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by Henry Wadsworth Longfellow (1807 - 1882)
Translation by Ernst Eckstein (1845 - 1900)

The shades of night were falling fast
Language: English 
The shades of night were falling fast,
As through an Alpine village passed
A youth, who bore, 'mid snow and ice,
A banner with the strange device,
       Excelsior! 
His brow was sad; his eye beneath,
Flashed like a falchion from its sheath,
And like a silver clarion rung
The accents of that unknown tongue,
       Excelsior! 
In happy homes he saw the light
Of household fires gleam warm and bright;
Above, the spectral glaciers shone,
And from his lips escaped a groan,
       Excelsior! 
"Try not the Pass!" the old man said;
"Dark lowers the tempest overhead,
The roaring torrent is deep and wide!
And loud that clarion voice replied,
       Excelsior! 
"Oh stay," the maiden said, "and rest
Thy weary head upon this breast!"
A tear stood in his bright blue eye,
But still he answered, with a sigh,
       Excelsior! 
"Beware the pine-tree's withered branch!
Beware the awful avalanche!"
This was the peasant's last Good-night,
A voice replied, far up the height,
        Excelsior! 
At break of day, as heavenward
The pious monks of Saint Bernard
Uttered the oft-repeated prayer,
A voice cried through the startled air,
       Excelsior! 
A traveller, by the faithful hound,
Half-buried in the snow was found,
Still grasping in his hand of ice
That banner with the strange device,
       Excelsior! 
There in the twilight cold and gray,
Lifeless, but beautiful, he lay,
And from the sky, serene and far,
A voice fell, like a falling star,
       Excelsior!

About the headline (FAQ)

Note: this poem is parodied in "Excels‑ee‑aw".


Authorship:

Musical settings (art songs, Lieder, mélodies, (etc.), choral pieces, and other vocal works set to this text), listed by composer (not necessarily exhaustive):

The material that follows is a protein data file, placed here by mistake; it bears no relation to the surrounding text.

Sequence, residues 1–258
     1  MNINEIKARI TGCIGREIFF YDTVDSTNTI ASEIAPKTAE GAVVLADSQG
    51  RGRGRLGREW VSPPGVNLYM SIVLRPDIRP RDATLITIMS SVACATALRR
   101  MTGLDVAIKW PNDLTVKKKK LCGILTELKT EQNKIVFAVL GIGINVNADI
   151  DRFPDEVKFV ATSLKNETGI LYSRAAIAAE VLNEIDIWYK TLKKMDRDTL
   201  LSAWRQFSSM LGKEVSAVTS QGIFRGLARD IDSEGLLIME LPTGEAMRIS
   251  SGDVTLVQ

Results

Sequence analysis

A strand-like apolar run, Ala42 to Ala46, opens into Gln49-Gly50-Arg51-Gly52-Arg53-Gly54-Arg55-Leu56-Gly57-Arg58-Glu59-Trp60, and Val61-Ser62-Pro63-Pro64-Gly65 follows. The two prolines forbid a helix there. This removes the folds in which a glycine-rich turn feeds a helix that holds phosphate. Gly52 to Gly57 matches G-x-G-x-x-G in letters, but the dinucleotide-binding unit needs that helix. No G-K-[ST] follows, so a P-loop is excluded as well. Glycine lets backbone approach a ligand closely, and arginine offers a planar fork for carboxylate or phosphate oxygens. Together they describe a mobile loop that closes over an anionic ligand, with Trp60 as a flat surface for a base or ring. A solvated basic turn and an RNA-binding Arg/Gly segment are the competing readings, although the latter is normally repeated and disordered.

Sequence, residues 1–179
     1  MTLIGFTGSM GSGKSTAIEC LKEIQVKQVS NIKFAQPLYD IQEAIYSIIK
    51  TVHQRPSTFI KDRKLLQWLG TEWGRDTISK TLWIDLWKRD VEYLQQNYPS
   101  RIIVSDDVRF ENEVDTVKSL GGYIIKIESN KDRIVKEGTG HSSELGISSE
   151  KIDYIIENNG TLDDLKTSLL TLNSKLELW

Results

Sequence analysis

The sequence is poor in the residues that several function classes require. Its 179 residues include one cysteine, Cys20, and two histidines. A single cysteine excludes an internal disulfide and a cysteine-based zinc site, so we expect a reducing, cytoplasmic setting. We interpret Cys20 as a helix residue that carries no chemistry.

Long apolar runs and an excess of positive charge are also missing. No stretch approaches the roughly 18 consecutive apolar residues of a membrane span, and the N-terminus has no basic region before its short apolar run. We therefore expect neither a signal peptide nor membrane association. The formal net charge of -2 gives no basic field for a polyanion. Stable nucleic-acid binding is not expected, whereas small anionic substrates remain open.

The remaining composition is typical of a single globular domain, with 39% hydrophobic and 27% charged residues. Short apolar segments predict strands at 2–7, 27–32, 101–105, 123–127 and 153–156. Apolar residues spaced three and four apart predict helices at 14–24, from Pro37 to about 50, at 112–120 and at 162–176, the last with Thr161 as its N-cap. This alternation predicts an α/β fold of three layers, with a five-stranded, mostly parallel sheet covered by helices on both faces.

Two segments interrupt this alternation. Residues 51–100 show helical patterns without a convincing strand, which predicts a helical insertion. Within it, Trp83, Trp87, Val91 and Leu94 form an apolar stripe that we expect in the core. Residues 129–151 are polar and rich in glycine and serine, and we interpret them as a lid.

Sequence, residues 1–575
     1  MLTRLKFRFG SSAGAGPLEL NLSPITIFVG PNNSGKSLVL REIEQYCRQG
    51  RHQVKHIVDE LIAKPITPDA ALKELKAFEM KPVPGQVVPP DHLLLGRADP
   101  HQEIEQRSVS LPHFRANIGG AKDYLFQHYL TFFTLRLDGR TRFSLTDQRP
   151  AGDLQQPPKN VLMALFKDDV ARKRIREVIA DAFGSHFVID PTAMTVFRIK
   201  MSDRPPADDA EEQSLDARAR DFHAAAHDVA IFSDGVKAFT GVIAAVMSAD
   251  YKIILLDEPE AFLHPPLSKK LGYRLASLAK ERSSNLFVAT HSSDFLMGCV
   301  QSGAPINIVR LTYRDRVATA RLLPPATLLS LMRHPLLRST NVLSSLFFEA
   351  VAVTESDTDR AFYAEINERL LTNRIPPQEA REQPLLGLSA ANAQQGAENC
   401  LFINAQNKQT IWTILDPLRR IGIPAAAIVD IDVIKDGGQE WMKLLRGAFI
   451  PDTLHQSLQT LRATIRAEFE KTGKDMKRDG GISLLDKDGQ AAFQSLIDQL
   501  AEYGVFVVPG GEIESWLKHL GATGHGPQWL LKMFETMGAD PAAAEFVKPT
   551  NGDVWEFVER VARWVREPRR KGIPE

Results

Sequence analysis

Settings in other languages, adaptations, or excerpts:

  • Also set in French (Français), a translation by Charles Monselet (1825 - 1888) ; composed by Charles Callahan Perkins.

Other available translations, adaptations or excerpts, and transliterations (if applicable):


Researcher for this text: Emily Ezust [Administrator]

This text was added to the website: 2008-06-10
Line count: 45
Word count: 238

Excelsior!
Language: German (Deutsch)  after the English 
Die Nacht sank auf die Alpenwelt,
Da kam durch's Dorf ein junger Held,
Der, ob der Schnee in Wirbeln stob,
Ein Banner mit der Schrift erhob:
       Excelsior!

Die Stirne kühn, das Auge klar,
Und Blitze sprühend, wie ein Aar.
Aus tiefster Brust die Stimme quoll,
Wie Glockenton so warm, so voll:
       Excelsior!

In sel'gen Hütten, tief im Thal
Sah er des Herdes milden Strahl, --
Vor ihm der Gletscher Überhang, --
Von seiner Lippe stöhnt es bang:
       Excelsior!

"Wag' Dich nicht wieter," sprach der Greis,
"Es droht der Sturm, es bricht das Eis.
Wild schäumt der Waldstrom, weit und tief!"
Des Jünglings kühne Stimme rief:
       Excelsior!

Das Mädchen sprach: "O bleibe hier;"
-- Im Auge stand die Thräne ihr; --
"Leg' Deine Stirn' in meine Hand!"
Er seufzt und flüstert abgewandt:
       Excelsior!

"Die Fichte stürzt in jäher Wucht,
Lawinen donnern in die Schlucht!"
Das war des Älplers letztes Wort, --
Doch rastlos treibt's den Helden fort:
       Excelsior!

Fromm knie'n, vom Morgenhauch umweht,
Sankt Bernhards Mönche im Gebet, --
Und fern von Gletscherhöhen her
Rief eine Stimme bang und schwer:
       Excelsior!

In einer Kluft verborgnem Grund
Fand ihn der Mönche treuer Hund;
Noch hielt die kalte, starre Hand
Das Banner mit dem Wort umspannt:
       Excelsior!

Bleich lag er da im Morgenroth,
Noch hold und unbesiegt im Tod:
Und rings die Alpenwelt entlang
Erscholl's wie Osterglockenklang:
       Excelsior!

Confirmed with Ernst Eckstein, In Moll und Dur, Leipzig: Verlag von Johann Friedrich Hartknoch, 1877, pages 155-157.


Authorship:

Based on:

Musical settings (art songs, Lieder, mélodies, (etc.), choral pieces, and other vocal works set to this text), listed by composer (not necessarily exhaustive):

    [ None yet in the database ]


Researcher for this text: Sharon Krebs [Guest Editor]

This text was added to the website: 2022-04-13
Line count: 45
Word count: 219